RESEARCH PRIORITIES

Families of individuals with SATB2-associated syndrome (SAS) recognize the importance of research to better understand SAS and identify possible treatments.

The SATB2 Gene Foundation is creating a powerful research asset by developing induced pluripotent stem cells (iPSCs) from patient cells. iPSCs provide cellular models of disease to rapidly advance knowledge and discovery.

SAS Stem Cell Biobank

The advantage of a Foundation-sponsored stem cell biobank is that the cell lines will not be held as proprietary by any single laboratory, and we can therefore share iPSCs with qualified researchers around the world in order to continue to advance SAS research. These cells will allow researchers to advance our understanding of human-specific disease phenotypes (patient characteristics) and test potential treatments. We already have samples from three individuals with SAS and three corresponding parents that serve as controls with different types of gene alterations (missense mutation, nonsense mutation, and deletion. The samples were collected under a research project led by two members of our Medical and Scientific Advisory Board, Dr. Yuri Zarate, MD of Arkansas Children’s Hospital and Dr. Jennifer Fish, PhD of UMass Lowell.

Once funds are raised to generate iPSCs from the samples we have already collected, we can begin the generation process on the cells. We will partner with an experienced iPSC lab affiliated with a recognized academic institution to generate and validate the iPSCs. That process takes approximately 4 to 6 months. Subsequently, these iPSCs can be expanded and stored so that we can have samples to share with researchers globally.

Experiments with iPSCs typically involve differentiating the stem cells into specific cell types including specific neuronal subtypes (brain cells). These cells allow researchers to study disease mechanisms, for example, how different alterations of the SATB2 gene change neurons derived from iPSCs, and study the effect of the drugs on different cell types, such as neurons derived from iPSCs. This is a necessary first step towards evaluating potential treatments.

How You Can Help

CURRENT RESEARCH

We need YOU, parents and caregivers, to help move research FORWARD! Join Dr. Yuri Zarate’s SATB2 clinical registry. We need to fully understand SATB2-associated syndrome in order to develop treatments and recommendations for clinical care. Without rare disease registries such as this one, we would not understand the natural history of these rare conditions. Learn more here or by emailing Dr. Zarate today.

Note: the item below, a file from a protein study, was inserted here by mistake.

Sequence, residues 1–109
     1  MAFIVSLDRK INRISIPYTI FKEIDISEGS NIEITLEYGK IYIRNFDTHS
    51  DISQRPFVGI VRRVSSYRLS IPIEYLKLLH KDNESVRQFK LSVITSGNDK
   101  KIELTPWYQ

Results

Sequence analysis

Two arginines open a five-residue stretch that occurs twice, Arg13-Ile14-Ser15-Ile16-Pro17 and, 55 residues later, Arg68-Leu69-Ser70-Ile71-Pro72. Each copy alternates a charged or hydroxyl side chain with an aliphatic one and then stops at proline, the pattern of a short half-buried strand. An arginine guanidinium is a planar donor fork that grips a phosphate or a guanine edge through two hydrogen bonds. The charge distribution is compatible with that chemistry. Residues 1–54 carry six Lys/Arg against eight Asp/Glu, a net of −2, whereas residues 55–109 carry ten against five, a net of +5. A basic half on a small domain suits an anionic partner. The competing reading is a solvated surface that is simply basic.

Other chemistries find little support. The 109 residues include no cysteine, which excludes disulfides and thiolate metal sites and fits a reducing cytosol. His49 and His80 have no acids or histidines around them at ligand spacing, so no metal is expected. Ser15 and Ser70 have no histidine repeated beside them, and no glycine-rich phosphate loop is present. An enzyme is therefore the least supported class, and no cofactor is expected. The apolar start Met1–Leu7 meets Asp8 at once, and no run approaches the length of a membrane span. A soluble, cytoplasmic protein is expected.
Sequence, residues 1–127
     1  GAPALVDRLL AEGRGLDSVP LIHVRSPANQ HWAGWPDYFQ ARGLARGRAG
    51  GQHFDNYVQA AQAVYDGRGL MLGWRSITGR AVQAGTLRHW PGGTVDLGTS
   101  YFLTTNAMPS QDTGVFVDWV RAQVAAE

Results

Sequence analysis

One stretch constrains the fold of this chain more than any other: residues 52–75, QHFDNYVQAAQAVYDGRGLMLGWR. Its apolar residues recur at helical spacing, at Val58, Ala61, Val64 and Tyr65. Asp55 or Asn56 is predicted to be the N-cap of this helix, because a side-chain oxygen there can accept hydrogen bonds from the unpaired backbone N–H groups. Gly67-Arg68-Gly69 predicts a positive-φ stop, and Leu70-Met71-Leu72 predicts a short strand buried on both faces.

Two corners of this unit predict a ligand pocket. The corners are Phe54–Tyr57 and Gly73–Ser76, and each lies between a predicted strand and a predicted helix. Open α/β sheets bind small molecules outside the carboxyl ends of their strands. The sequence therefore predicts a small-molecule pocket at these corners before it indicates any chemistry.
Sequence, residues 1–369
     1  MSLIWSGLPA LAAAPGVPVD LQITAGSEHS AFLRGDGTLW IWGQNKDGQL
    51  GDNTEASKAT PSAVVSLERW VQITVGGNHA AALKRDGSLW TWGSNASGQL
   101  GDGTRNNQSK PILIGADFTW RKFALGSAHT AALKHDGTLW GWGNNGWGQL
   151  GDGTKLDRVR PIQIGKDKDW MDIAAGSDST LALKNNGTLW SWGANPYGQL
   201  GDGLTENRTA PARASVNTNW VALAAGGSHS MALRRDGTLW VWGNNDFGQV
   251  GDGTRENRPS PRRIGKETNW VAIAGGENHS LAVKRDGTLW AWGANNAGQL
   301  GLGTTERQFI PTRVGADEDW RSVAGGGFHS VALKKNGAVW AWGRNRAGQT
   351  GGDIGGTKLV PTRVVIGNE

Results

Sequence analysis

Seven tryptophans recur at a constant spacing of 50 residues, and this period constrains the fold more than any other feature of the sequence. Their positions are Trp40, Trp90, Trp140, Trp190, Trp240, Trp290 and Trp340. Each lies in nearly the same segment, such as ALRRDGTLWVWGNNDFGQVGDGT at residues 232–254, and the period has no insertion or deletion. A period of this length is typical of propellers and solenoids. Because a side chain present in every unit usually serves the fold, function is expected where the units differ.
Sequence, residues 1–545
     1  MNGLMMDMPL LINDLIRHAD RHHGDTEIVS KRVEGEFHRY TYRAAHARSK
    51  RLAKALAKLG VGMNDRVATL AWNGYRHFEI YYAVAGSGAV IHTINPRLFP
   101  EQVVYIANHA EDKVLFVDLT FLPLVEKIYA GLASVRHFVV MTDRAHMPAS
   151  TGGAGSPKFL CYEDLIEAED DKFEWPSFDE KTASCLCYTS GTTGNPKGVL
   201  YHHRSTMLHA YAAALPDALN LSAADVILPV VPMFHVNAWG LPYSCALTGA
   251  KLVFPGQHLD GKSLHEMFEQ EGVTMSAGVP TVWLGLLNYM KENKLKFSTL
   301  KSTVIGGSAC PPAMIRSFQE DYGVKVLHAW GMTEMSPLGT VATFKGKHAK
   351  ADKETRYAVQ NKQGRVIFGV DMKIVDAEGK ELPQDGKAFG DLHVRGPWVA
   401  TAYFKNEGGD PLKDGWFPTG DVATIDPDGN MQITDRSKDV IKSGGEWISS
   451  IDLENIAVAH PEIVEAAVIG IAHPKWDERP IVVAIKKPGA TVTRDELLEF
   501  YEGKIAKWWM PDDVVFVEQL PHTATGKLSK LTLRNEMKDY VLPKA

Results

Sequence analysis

The Cebrebra Network for Neurodevelopmental Disorders in the UK has been profiling the behavior phenotype of SATB2-Associated Syndrome. The next phase of research is funded by the Baily Thomas Foundation and will involve in-depth study of behaviors that challenge in SAS. The overarching aim is to understand the contribution of health-related difficulties, autism symptomology, sleep disturbance and mental health difficulties to the development and maintenance of behaviors that challenge in SAS. Read more about the preliminary findings here.

The Arkansas Children’s Hospital is recruiting individuals with SAS who are 13 years old and older to participate in a study to learn more about what it looks like to be an adolescent and/or adult with SAS. If your child or loved one qualifies and you are interested in participating, please email Katie Bosanko. The individual must be enrolled in the SAS Clinical Registry to participate. If they are not enrolled, we can easily enroll them into the registry first.

To add additional opportunities and information, please email us today!

RESEARCH AWARDS

Bone geometry deficits in individuals with SATB2-Associated Syndrome.

Awarded $6,580.20

SATB2-associated syndrome (SAS) is a rare disorder caused by alterations in the SATB2 gene. Bone problems such as leg bowing, abnormal curvature of the spine, and fractures have been reported in individuals with SAS. From previous studies, it is also known that individuals with SAS often tend to have weaker bones as documented by x-rays dedicated to measuring bone strength, regardless of the type of genetic change in the SATB2 gene.